“He asked his Navy and his nation some very difficult and pertinent questions, questions still relevant, questions each generation must ask and answer anew: What exactly is the nature of America’s ‘national interests’? How shall the U.S. Navy best be used as an ‘instrument of national policy’? What is the proper relationship between a nation’s sea power and its diplomatic objectives? What are the ‘moral’ dimensions of the employment of military force? How shall the U.S. ships and fleets be best armed, supplied, and deployed? How much navy is enough navy?” – Robert Seager II
As an introduction to Alfred Thayer Mahan, before you start reading “21st Century Mahan: Sound Military Conclusions for the Modern Era“, here at USNI Blog we offer the obituary and “In Memoriam” article published in Proceedings in January, 1915.
To very few has it been given so to influence the current of men’s thoughts as vitally to affect human development and even to shape the course of history itself. The dominance of the Aristotelian philosophy in the intellectual world of Europe endured for twenty centuries until .displaced by Bacon’s Novum Organum. In more recent times, the Social Contract of Jean Jacques Rousseau is admitted to have played no small part among the determining causes of the French Revolution. Without a Treitschke, Pan-Germanism would have remained a vague aspiration indulged in by a restricted circle of German thinkers. It is needless to multiply instances in which the ideas of one man have directed the current of events; the fact itself is too widely accepted to require demonstration. Among the number of those who have swayed their fellows, opened their eyes to a wider vision, pointed out the hazards in their path and the channel leading through those hazards to national or individual safety beyond, sober judgment must include that member of our own profession who, after an honorable career during which he shed a luster upon the American Navy of which all Americans are proud, none so much so as his brother officers, has recently departed from our midst leaving behind him a stainless record and a place unfilled and unfillable. It were well could we look for a second Mahan with his vast knowledge and accurate logic, but candor forbids us to expect. We are only permitted to hope-and in how many doubts that hope is shrouded-that as time goes on another may arise endowed with like passion for truth, like ability and the like gift of making clear and obvious what all have gazed upon without seeing.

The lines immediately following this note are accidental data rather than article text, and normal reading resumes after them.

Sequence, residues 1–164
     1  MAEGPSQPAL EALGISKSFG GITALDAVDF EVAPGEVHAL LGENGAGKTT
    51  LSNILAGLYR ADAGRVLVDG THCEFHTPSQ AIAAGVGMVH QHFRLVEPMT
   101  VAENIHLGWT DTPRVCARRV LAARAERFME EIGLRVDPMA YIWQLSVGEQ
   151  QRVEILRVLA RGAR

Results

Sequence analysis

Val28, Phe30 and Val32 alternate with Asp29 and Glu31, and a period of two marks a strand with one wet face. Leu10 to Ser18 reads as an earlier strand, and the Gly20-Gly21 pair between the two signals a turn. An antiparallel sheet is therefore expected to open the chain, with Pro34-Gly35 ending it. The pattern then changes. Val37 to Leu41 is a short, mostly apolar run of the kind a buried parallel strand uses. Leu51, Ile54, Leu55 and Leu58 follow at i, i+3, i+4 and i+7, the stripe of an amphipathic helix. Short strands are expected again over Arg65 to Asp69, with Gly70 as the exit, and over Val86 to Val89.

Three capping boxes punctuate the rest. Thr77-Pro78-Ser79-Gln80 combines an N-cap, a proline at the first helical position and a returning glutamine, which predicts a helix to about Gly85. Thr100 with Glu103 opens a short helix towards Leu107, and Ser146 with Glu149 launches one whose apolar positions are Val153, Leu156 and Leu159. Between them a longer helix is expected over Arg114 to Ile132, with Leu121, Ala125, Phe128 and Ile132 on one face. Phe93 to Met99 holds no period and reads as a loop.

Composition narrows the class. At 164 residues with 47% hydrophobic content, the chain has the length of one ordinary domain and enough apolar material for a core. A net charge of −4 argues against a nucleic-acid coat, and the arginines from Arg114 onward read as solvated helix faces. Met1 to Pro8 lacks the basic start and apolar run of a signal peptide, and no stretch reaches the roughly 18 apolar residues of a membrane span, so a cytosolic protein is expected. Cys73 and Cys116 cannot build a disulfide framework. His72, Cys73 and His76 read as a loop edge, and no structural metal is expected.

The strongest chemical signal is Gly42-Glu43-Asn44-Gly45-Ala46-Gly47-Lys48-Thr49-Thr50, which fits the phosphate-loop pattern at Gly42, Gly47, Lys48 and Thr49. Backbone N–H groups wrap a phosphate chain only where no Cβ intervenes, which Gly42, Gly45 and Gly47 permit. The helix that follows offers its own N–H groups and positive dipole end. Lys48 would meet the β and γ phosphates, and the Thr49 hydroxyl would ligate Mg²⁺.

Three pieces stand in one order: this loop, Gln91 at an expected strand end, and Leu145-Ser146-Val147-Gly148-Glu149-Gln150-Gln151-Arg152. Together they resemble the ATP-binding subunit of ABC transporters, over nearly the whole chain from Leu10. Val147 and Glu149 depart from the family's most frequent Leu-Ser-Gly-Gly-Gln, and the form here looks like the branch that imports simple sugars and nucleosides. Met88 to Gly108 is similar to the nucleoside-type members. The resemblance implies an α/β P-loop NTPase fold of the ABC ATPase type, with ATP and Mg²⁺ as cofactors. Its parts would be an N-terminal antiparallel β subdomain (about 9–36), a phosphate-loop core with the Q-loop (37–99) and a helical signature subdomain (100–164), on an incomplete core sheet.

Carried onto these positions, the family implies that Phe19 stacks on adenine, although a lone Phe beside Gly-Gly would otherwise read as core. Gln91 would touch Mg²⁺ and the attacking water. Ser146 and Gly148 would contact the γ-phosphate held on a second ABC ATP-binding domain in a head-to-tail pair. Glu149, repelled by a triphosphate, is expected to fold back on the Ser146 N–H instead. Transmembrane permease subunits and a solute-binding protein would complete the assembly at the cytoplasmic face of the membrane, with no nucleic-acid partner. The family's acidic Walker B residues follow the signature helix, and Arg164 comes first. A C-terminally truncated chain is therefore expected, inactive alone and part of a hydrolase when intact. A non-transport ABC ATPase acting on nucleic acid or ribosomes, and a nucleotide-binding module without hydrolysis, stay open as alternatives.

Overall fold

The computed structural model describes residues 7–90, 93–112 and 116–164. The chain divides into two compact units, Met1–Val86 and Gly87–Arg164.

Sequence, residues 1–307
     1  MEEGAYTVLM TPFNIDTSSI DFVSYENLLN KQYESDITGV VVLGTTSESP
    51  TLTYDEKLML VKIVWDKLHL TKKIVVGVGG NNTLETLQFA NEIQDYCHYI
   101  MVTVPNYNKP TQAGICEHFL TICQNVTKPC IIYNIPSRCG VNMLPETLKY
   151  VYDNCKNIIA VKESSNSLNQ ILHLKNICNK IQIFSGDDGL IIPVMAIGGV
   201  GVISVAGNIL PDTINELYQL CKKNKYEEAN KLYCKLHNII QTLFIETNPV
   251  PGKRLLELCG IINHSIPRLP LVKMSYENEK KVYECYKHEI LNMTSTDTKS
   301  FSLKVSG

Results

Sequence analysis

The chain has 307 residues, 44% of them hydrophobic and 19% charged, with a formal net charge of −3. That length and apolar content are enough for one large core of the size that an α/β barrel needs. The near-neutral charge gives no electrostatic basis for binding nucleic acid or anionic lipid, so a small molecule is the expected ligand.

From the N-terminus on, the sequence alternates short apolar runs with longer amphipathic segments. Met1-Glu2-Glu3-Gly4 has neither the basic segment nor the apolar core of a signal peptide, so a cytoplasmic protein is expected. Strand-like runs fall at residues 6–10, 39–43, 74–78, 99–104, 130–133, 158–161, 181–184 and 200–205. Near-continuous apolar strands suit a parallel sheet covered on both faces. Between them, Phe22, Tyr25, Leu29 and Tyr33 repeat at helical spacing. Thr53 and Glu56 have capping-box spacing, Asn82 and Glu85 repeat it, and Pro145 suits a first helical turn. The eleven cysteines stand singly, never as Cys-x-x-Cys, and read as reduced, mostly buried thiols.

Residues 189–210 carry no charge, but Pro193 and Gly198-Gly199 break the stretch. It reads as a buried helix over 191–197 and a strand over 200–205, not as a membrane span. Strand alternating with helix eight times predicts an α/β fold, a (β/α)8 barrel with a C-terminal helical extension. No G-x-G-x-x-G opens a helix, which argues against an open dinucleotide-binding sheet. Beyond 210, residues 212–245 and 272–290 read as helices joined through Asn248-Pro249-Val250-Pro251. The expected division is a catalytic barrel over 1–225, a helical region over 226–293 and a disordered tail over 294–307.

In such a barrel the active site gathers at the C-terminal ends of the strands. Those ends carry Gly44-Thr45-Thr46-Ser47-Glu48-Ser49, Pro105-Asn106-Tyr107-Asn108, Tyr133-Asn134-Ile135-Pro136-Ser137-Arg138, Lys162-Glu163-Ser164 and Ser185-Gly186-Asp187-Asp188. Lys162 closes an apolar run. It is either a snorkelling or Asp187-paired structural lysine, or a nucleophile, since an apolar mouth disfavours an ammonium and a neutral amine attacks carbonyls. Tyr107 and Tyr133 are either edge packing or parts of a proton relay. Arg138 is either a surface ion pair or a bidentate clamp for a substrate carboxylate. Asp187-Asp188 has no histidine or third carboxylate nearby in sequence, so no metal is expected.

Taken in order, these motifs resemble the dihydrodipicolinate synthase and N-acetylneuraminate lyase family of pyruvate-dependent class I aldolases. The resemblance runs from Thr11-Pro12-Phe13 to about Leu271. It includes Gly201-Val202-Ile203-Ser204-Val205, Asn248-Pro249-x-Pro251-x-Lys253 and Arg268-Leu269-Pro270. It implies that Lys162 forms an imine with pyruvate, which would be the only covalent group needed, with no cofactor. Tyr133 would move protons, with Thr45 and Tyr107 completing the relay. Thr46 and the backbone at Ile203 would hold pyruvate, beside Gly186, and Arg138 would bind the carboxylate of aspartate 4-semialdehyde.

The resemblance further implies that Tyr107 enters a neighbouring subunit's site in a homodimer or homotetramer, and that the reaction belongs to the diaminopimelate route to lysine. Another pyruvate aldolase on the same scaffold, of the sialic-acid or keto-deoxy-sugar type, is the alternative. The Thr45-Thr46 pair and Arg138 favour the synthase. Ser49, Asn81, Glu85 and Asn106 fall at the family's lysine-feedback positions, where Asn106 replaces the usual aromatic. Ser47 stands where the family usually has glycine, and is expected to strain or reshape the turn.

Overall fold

Three natures were combined in this exceptional personality. First of all was the Christian gentleman, devout and earnest, giving daily, practical, outward expression to an inward conviction at once sincere and fundamental. His belief in Christ’s mission and in the world to come as revealed in Holy Writ was without shadow or question. Things earthly and material might not be what they seemed. Errare est humanum. Even so well poised a mind as his might be mistaken in its findings, but no possible chance of going astray existed or could exist in complete reliance on the promises of his Lord and Master to all those who truly follow Him. And follow Him Mahan did loyally throughout his years from youth to age. His abiding sense of duty, the keynote of his character, forbade a merely perfunctory compliance with ecclesiastical requirements and forced him to take active part in the management of the religious communities to which, from time to time and in various places, he belonged and to represent them at annual conventions of the Protestant Episcopal Church. For many years he was connected with its Board of Missions and with the Church Institute for Seamen. During a shorter period he was a member of the Church Institute and of the Church Mission for Help. All his charitable interests lay in the church through which alone, to the extent of his means, he sought to aid his fellow men. This devotion to his church was the manifestation of a faith which controlled every thought and every act of his life. All his serious undertakings, all his important letters even, were preceded by an appeal for Divine guidance. It is impossible to understand Mahan unless this mental attitude is recognized in its full power. Those ignorant of this side of his character may read his little book, “The Harvest Within,” and in the reading find profit to their own souls.